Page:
Interview: Jesse Wente on Studio Ghibli

Spirited Away The Films of Studio Ghibli

Jesse Wente would probably bounce around the room if he could. Seated in his office at the TIFF Bell Lightbox preparing for this week’s re-launch of their incredibly successful retrospective of films from master filmmaker Hayao Miyazaki and his Studio Ghibli, Wente can barely contain his excitement.

The Head of Film Programmes for the Lightbox, Wente is most immediately looking forward to the kick-off night of Round 2 of Spirited Away: The Films of Studio Ghibli this Thursday (a Master Class looking at Miyazaki’s 1986 classic Castle in the Sky with TIFF friend and beloved filmmaker Guillermo del Toro leading a post-screening discussion), but also to the chance to show local audiences to what might be the studio’s greatest and rarest work on Friday night when he introduces Grave of the Fireflies – a film that due to its rarity was unable to be screened during the last showcase.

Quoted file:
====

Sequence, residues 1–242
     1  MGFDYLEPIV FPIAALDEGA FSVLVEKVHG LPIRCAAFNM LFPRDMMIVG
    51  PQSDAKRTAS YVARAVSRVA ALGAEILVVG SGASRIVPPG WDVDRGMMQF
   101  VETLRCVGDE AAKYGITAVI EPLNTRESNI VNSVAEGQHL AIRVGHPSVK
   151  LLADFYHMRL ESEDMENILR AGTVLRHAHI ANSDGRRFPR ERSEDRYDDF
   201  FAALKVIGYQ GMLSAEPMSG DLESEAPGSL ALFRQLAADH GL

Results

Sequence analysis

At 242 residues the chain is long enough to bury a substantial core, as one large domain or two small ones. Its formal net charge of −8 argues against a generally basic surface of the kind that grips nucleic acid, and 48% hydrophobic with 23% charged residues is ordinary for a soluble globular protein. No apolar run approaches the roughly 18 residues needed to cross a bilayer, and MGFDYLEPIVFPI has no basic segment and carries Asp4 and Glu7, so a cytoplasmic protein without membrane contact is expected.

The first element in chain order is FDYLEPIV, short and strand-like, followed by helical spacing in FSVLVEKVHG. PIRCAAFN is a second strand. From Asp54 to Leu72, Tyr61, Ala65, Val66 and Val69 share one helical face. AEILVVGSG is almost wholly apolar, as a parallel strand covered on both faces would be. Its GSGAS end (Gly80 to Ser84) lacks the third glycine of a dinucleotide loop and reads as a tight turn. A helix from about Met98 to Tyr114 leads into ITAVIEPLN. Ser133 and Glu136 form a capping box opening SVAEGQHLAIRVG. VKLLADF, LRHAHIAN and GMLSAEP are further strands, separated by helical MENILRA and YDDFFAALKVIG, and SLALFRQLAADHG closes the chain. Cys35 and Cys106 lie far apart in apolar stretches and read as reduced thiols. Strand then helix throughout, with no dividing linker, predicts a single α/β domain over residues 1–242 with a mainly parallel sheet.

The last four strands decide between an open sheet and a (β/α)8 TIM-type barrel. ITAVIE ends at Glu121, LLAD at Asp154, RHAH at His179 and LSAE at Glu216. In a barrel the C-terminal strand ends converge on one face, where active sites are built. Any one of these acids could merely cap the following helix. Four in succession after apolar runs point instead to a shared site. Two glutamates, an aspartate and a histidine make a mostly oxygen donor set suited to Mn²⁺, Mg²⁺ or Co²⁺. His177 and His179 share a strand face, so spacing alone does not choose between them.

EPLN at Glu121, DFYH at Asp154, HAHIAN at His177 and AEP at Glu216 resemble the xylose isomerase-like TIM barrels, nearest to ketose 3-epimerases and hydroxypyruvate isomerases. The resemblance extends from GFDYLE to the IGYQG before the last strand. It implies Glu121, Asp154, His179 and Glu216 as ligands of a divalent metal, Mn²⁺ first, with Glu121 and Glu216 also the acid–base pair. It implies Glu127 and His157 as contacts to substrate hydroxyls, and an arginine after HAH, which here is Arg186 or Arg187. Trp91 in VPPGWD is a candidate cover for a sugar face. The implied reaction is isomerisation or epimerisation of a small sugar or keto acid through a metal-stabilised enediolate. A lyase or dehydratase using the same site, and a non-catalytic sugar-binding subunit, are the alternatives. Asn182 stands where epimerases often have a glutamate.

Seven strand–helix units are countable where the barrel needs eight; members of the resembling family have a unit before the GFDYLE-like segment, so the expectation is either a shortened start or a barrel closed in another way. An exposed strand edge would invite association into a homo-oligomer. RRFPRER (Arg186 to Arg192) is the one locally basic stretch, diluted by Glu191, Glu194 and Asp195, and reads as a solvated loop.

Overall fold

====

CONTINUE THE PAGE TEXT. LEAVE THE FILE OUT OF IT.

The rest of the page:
He’s incredibly happy for the whole thing to start, and immense quality of the films themselves aside it’s hard to blame him. When TIFF first ran a retrospective of Ghibli films in their new home back in the spring of last year, the response was enormous and heartening. Screenings for most films were selling out the largest auditorium in the complex; even with multiple showings that offered options to see either the subtitled original or English language dub. It was an event that brought near unprecedented electricity to the building for a series that had no major guests attending on a regular basis.

Since we covered the series last time it played (you can catch Sasha James’ great primer on Ghibli here, only updated to reflect the new schedule and showtimes), we decided to chat with Wente about his feelings towards Ghibli and what the films mean to him. We also chat about the iconography behind My Neighbor Totoro and Grave of the Fireflies, hidden gems in the program people might not be aware of, how the films of Studio Ghibli encompass the very goals the TIFF Bell Lightbox strives towards as an organization, and why he’s honoured to be a part of this showcase of films by not only a great filmmaker, but one of the greatest artists the world has ever known.